2.2. Obesity-Induced Inflammation Linking Obesity to Metabolic Syndrome

The metabolic syndrome (MS) refers to the clustering of cardiovascular risk factors that include central obesity, hyperglycemia, dyslipidemia, and hypertension. The ultimate importance of this cluster is to identify individuals at high risk of both T2DM and cardiovascular disease. Growing evidence implicates obesity-induced inflammation as an important mechanism linking obesity to the MS in metabolically active organs. Assessment of gene expression networks in obese AT has identified a robust pattern of overexpressed inflammatory genes associated with metabolic disease [12, 13]. Multiple inflammatory mediators abnormally secreted by AT and the crosstalk between immune and metabolic cells can impair insulin signaling and induce oxidative stress and endothelial dysfunction, leading to systemic insulin resistance and cardiovascular disease [5]. Deregulated macrophage-myocyte and macrophage-hepatocyte signaling can impair insulin sensitivity as well [14, 15]. Hypothalamic inflammation, which is induced very rapidly by a high-fat diet [16] may provoke hyperphagia and has been documented to impair insulin release from β cells, peripheral insulin action, and potentiate hypertension [1719]. Thus, chronic excess of nutrients, such as lipids and glucose may simultaneously trigger inflammatory responses, which further disrupt metabolic function, enhancing stress, and inflammation. Such a vicious cycle is identified as a mechanism leading to further metabolic deterioration. Therefore, breaking this vicious circle by resetting the immunological balance in obesity is a crucial approach for the management of MS.

3. The Fundamental Role of White Adipose Tissue in Obesity-Induced Inflammation

Obesity is characterized by excessive expansion of white adipose tissue (AT), which has been thought to be the primary site for the initiation of obesity-associated inflammation. Although AT’s principal function deals with energy storage, it serves as an active secretory organ as well. A number of bioactive peptides or proteins, collectively named “adipokines,” are produced and secreted by fat and/or nonfat cells of white AT. They act in an autocrine/paracrine manner to regulate local AT function and also act in an endocrine manner to influence the functions of distant tissues such as liver, skeletal muscle, and cardiovascular and central nervous systems [5, 20].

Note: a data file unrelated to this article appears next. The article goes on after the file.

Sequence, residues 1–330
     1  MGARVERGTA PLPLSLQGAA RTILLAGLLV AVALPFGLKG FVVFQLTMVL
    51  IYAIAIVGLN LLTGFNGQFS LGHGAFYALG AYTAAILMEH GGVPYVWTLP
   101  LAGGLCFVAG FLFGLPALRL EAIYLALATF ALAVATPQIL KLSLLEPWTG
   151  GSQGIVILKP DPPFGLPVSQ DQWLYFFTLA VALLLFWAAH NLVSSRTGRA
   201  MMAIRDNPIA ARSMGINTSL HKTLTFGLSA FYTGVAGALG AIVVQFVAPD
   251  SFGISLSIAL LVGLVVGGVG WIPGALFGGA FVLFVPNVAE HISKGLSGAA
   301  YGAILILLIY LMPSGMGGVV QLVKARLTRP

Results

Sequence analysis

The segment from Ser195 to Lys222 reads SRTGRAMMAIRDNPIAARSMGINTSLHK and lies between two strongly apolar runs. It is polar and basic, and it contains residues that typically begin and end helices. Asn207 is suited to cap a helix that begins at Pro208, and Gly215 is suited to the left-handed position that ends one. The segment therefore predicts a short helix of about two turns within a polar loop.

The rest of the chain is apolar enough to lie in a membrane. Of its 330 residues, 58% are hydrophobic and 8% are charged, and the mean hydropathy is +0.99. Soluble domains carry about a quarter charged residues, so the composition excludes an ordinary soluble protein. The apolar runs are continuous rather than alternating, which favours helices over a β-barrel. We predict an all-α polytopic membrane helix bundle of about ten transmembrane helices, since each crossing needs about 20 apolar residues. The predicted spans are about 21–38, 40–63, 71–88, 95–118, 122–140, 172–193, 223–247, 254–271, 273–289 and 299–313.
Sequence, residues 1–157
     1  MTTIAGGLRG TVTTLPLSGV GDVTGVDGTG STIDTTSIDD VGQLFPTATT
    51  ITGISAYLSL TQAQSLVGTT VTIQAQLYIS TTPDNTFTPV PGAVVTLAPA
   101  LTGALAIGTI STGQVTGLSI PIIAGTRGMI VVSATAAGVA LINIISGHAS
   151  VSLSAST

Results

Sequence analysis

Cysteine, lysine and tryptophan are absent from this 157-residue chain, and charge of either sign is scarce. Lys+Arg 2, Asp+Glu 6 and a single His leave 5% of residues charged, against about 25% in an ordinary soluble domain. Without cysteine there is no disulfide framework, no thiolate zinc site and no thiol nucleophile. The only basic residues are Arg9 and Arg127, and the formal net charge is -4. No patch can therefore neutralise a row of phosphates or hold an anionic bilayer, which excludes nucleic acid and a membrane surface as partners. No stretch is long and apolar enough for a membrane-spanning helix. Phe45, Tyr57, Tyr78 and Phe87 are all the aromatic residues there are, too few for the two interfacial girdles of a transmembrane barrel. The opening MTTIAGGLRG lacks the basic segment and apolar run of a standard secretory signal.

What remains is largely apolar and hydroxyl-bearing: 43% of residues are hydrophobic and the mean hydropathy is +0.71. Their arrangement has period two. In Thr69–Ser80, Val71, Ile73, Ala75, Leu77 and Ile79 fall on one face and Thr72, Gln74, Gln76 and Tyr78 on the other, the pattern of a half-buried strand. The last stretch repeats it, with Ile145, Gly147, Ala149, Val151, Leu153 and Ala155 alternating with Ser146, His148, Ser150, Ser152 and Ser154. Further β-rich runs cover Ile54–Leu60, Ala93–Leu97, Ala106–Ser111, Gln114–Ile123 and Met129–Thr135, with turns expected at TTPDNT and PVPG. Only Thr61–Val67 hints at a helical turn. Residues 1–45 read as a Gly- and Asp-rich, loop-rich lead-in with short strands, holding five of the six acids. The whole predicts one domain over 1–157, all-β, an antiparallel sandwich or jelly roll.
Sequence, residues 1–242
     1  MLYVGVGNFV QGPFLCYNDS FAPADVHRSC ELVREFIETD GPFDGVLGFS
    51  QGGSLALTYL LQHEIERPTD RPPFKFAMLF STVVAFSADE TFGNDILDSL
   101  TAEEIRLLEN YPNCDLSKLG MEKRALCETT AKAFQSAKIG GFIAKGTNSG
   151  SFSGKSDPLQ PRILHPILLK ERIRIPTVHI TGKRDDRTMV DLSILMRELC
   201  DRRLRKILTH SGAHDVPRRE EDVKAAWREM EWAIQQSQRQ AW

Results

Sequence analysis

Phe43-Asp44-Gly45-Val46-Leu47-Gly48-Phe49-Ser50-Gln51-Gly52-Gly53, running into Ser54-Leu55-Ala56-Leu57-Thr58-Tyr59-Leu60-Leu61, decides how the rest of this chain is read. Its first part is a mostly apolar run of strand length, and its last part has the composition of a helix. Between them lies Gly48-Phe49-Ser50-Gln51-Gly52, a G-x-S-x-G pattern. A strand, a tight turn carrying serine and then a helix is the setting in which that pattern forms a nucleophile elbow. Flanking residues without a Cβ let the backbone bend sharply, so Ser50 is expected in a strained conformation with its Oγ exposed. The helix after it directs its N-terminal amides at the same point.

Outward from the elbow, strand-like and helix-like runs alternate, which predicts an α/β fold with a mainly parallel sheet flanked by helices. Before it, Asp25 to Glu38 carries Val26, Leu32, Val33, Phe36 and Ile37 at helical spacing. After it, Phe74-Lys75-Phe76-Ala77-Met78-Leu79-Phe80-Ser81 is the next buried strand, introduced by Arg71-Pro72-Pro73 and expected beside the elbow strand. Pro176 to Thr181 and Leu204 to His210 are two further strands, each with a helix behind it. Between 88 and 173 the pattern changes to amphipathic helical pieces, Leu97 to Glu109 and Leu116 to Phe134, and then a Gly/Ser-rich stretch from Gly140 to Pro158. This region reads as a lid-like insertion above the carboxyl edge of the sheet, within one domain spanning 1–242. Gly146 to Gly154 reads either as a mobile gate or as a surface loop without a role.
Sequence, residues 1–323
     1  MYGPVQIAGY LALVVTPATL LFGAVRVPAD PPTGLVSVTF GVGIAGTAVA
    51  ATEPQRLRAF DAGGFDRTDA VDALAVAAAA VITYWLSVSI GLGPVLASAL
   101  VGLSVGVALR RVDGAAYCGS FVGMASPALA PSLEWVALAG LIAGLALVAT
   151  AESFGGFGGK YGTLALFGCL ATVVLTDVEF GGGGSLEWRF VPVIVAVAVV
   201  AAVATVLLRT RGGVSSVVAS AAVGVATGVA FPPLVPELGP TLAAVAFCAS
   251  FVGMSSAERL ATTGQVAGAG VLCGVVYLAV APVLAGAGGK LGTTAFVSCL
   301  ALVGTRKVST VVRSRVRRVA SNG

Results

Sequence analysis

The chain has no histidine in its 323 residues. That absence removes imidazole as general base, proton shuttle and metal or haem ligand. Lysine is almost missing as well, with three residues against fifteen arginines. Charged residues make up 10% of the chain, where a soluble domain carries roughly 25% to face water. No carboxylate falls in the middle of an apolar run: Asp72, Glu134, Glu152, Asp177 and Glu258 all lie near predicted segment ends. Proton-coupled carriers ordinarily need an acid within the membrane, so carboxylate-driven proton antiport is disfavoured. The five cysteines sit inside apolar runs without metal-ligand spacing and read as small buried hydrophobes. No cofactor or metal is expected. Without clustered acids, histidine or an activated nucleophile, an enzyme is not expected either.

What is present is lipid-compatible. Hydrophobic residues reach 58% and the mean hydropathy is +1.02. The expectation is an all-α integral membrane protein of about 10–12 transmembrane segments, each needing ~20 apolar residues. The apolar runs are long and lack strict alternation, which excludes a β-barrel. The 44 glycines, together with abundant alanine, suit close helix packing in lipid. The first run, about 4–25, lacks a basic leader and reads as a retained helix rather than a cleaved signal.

In obesity, white AT is remodeled dynamically by adipocyte hypertrophy (increased size), hyperplasia (increased number), immune cell infiltration, endothelial cell overactivation, and extracellular matrix overproduction [2124]. This remodeling may trigger metabolic and hypoxic stress, resulting in activation of multiple inflammatory signaling pathways, ultimately leading to dysregulation of numerous adipokines including proinflammatory cytokines, chemokines, growth factors, acute-phase proteins, and complement-like factors. Virtually, all known adipokines are dysregulated in obesity via multiple mechanisms. Such a deregulation is the main feature of AT low-grade inflammation and contributes to the pathogenesis of MS [5].

4. Molecular Mechanisms Mediating White Adipose Tissue Inflammation

Several prominent mechanisms have been highlighted that coordinately mediate white AT inflammation.

Hypoxia. In obesity, the growing AT is submitted to hypoxia induced by hypoperfusion at the earliest stages of expansion. Observations have proved that AT is poorly oxygenated in the obese state in humans and rodents due to a reduction in adipose tissue blood flow [25, 26]. This hypoxia could be a determinant mediator of obesity-induced inflammation in AT by activating multiple signaling pathways such as Hypoxia Inducible Factor-1α (HIF-1α) and Nuclear Factor kappa B (NF-κB) in adipocytes and macrophages, thereby altering the expression of many proinflammatory adipokines [2729]. In addition, some studies reported that hypoxia also induces AT inflammatory responses indirectly by causing adipocyte death (e.g., apoptosis and necrosis) and lipolysis [3032].

Endoplasmic Reticulum Stress. The endoplasmic reticulum (ER) is responsible for much of a cell’s protein synthesis and folding, but it has also a role in sensing cellular stress [33]. Obesity results in conditions that increase the demand on the ER, such as hypoxia and excess of cytokines, lipids, or glucose. Subsequently, the ER stress induces a complex response known as the unfolded protein response (UPR), which alters a cell’s transcriptional and translational programs to cope with these stressful conditions and resolve the protein-folding defect [33]. ER stress and the UPR lead to obesity-induced inflammation and metabolic abnormalities by several distinct mechanisms, including the activation of JNK-AP1 (Jun N-terminal Kinase-Activator Protein 1) and IKK (IκB kinase)-NFκB pathways, the induction of the acute-phase response, and the production of reactive oxygen species (ROS) [34, 35].